GRAYSON, THOMAS WIGG
GRAYSON, THOMAS WIGG (1808–1873). Thomas Wigg Grayson, a shipowner who played an important role in the naval operations of the Texas Revolution, was born in Beaufort, South Carolina, on August 8, 1808. He was in Texas as early as August 9, 1835, when he signed a petition for a Texas convention that was being circulated by John A. Wharton at Brazoria. On September 1, 1835, Grayson was bringing the steamer Laura, loaded with lumber, into the mouth of the Brazos when the steamer San Felipe encountered the Mexican war vessel Correo. Being short of fuel, Grayson burned his cargo of lumber to ensure sufficient steam to help in capturing the Correo. Capt. William A. Hurd of the San Felipe took the Correo as a prize to New Orleans and left Lieutenant Grayson in charge of the Texas vessels. Grayson was master of the Yellow Stone in the fall of 1835 and on December 31 brought it to Texas loaded with volunteers from Alabama and a cargo of musketballs, flints, and bar lead for the Texas Revolution. During the summer of 1836 he brought to Texas the steamer Ocean, loaded with supplies donated to the Texas cause by the citizens of Mobile, Alabama. In October 1836 Grayson advertised that the Yellow Stone would make regular trips between Quintana and Washington-on-the-Brazos. He had the vessel at Velasco on November 15, 1836, but on November 30 he was back at Velasco on the Thomas Toby, In January 1837 Grayson took the steamer Laura to Houston. By August of that year he was captain of the fast-running steamer Sam Houston,plying between Houston, Galveston, Velasco, and Matagorda.
In August 1839 Grayson was living in Austin when he applied to Mirabeau B. Lamar for appointment as a notary public. Grayson married Mrs. Tabitha Edwards in Austin in November 1844; they had five children. He farmed for a time at La Grange and in 1848 settled at Selma on a horse ranch, from which he sold mounts to the United States Cavalry. In 1857 he established a ranch on Chupaderas Creek fourteen miles from San Antonio. Grayson and his family maintained a home in San Antonio, where he died on August 20, 1873.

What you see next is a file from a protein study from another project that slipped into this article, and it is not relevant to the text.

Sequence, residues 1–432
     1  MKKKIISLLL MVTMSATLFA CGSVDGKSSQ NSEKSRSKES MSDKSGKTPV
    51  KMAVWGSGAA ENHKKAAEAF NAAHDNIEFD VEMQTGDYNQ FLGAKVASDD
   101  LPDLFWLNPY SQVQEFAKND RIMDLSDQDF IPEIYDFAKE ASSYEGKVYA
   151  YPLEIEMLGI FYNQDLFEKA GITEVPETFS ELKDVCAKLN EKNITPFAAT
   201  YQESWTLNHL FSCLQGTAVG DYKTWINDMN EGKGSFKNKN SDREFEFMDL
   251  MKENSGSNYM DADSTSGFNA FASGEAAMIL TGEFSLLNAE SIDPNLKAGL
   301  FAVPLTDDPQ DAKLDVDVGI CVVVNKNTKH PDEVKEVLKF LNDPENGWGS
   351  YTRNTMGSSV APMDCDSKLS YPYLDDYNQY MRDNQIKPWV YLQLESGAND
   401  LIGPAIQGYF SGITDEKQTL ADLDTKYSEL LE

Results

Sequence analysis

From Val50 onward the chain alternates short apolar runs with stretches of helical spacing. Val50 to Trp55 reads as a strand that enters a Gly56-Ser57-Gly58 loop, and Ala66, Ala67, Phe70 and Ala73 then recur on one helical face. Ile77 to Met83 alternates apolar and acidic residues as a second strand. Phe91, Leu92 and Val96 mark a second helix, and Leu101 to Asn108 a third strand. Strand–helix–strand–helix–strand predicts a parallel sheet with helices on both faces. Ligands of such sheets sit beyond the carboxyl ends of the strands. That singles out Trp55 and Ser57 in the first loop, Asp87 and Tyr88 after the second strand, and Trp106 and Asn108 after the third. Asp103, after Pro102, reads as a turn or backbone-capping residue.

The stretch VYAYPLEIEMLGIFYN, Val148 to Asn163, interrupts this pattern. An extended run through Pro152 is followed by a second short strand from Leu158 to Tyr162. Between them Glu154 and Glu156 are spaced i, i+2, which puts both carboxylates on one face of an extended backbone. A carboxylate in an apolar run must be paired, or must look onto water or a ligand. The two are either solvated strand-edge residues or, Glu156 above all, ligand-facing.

Alex Dienst, "The Navy of the Republic of Texas," Quarterly of the Texas State Historical Association 12–13 (January-October 1909; rpt., Fort Collins, Colorado: Old Army Press, 1987). Charles Adams Gulick, Jr., Harriet Smither, et al., eds., The Papers of Mirabeau Buonaparte Lamar (6 vols., Austin: Texas State Library, 1920–27; rpt., Austin: Pemberton Press, 1968). Telegraph and Texas Register, February 21, August 31, 1837. Austin Texas State Gazette, November 16, 1850.
Image Use Disclaimer
All copyrighted materials included within the Handbook of Texas Online are in accordance with Title 17 U.S.C. Section 107 related to Copyright and “Fair Use” for Non-Profit educational institutions, which permits the Texas State Historical Association (TSHA), to utilize copyrighted materials to further scholarship, education, and inform the public. The TSHA makes every effort to conform to the principles of fair use and to comply with copyright law.
For more information go to: http://www.law.cornell.edu/uscode/17/107.shtml
If you wish to use copyrighted material from this site for purposes of your own that go beyond fair use, you must obtain permission from the copyright owner.
The following, adapted from the Chicago Manual of Style, 15th edition, is the preferred citation for this article.Handbook of Texas Online, Emma E. Pirie, "GRAYSON, THOMAS WIGG," accessed March 30, 2020, http://www.tshaonline.org/handbook/online/articles/fgr30.
Uploaded on June 15, 2010. Modified on June 1, 2017. Published by the Texas State Historical Association.